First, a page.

Thursday, November 13, 2008


Josh Marshall quote a reader today cheering the staying power of Palin, saying that he "quite agrees" that from a partisan perspective, "the more Palin the better," as he believes it will prolong the GOP's season in the wilderness.

I disagree.

The real threat is not Palin. The real threat is Palinism, that is, the destruction of what Kevin yesterday refered to as "consensual cultural barrier" against the nomination for President of persons that are fundamentally uninterested in and uninformed about national policy at nearly every level. 

A meaningful democracy requires not just a set of formal rules about political behavior, concerning voting, apportionment and the like. That's the easy part about democracy; anyone can write a constitution and some election laws. But those laws aren't worth a thing if you don't have deep culturally-rooted norms about political decency.

(This inisight is available to anyone who has ever taken a Comparative Politics course, even if it was unavailable to the neocons who decided that it was a good idea to try to democratize the Middle East at gunpoint.)

What's so insidious about Palin -- or rather, Palinism -- is that it's yet one more example of how the GOP has systematically set out to destroy  the basic political-cultural norms that are required to make democracy work. These are norms that cannot be legislated, but must be in place in order for democracy to function. Concepts like "a loyal opposition"; the idea that mobs and judges should not interfere in recounts; the idea that wars should not be sold to the public on false pretenses; the idea that transparency is an essentially desirable element in politics; or the idea that policy knowledge and competence are table stakes for senior political leadership. Again, none of those things can be legislated--they have to exist as norms. And norms only exist when everyone (or anyway, an unquestionable majority) tacitly agrees not to violate them.

The longer Palin lingers as a legitimate presence within the GOP, the more it undermines the cultural-political norm that policy knowledge and competence are table stakes for senior political leadership--a crucial political-cultural norm. That she can be taken seriously is a disaster, even if she personally fails. The fact that she is being take seriously is a terrible precedent. Know Nothingism (for Palin is the direct heir of that venrable tradition in American politics) needs to be quashed. I wouldn't blithely assume that it will sink under its own weight.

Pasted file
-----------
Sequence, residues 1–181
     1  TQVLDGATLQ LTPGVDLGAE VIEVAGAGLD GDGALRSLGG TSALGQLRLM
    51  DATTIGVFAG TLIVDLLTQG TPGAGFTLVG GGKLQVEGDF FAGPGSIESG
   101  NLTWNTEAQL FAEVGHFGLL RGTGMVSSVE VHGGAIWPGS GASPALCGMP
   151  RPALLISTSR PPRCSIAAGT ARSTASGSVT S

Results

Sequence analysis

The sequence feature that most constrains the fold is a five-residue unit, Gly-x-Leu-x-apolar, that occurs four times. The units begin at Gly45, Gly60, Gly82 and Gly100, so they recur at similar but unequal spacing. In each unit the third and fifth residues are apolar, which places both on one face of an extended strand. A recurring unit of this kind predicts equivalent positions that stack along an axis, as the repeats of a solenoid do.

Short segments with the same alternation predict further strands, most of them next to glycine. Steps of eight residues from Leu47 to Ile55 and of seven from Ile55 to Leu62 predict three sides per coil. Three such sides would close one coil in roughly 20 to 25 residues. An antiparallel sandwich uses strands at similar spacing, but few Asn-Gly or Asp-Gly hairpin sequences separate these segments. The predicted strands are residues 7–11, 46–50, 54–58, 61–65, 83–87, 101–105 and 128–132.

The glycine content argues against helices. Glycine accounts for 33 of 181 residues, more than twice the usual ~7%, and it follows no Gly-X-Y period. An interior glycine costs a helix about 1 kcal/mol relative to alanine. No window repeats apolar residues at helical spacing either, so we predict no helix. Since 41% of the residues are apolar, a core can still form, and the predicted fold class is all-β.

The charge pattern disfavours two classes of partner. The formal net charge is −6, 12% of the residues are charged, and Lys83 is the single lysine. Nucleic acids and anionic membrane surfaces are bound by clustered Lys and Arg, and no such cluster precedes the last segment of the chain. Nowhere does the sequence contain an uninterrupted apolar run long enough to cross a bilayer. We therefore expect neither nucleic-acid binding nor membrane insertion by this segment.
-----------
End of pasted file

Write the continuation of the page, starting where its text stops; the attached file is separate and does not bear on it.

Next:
The GOP is steadily squeezing the norms of civility and decency out of the tube of democracy. Once that tube is empty, it isn't worth a thing.

1 comment:

Anonymous said...

Andrew Sullivan had a good piece on Palin a few days back.
It'll be interesting watching the GOP 'rebrand' itself in the coming years. A lot of the things I've seen recently (including a piece in Salon a couple of days ago) talk a great deal about returning to fiscal conservatism, smaller government etc, but say little about the social conservatism that inspires the Palinist/Know Nothing element of the party. Party elders seem to be grasping that they've made a deal with the devil, as the changing social climate and demographics would seem to work against pandering to the cretinism of the hard right.
I still can't help wondering if McCain would have won if he'd run as a moderate conservative. I know his consultants said he couldn't win without veering right, but I'm not so sure. The prospect of a President Obama might have been enough for social conservatives to hold their noses and vote for him, as long as he gave them some tokens (esp. holding the line on abortion). Who knows?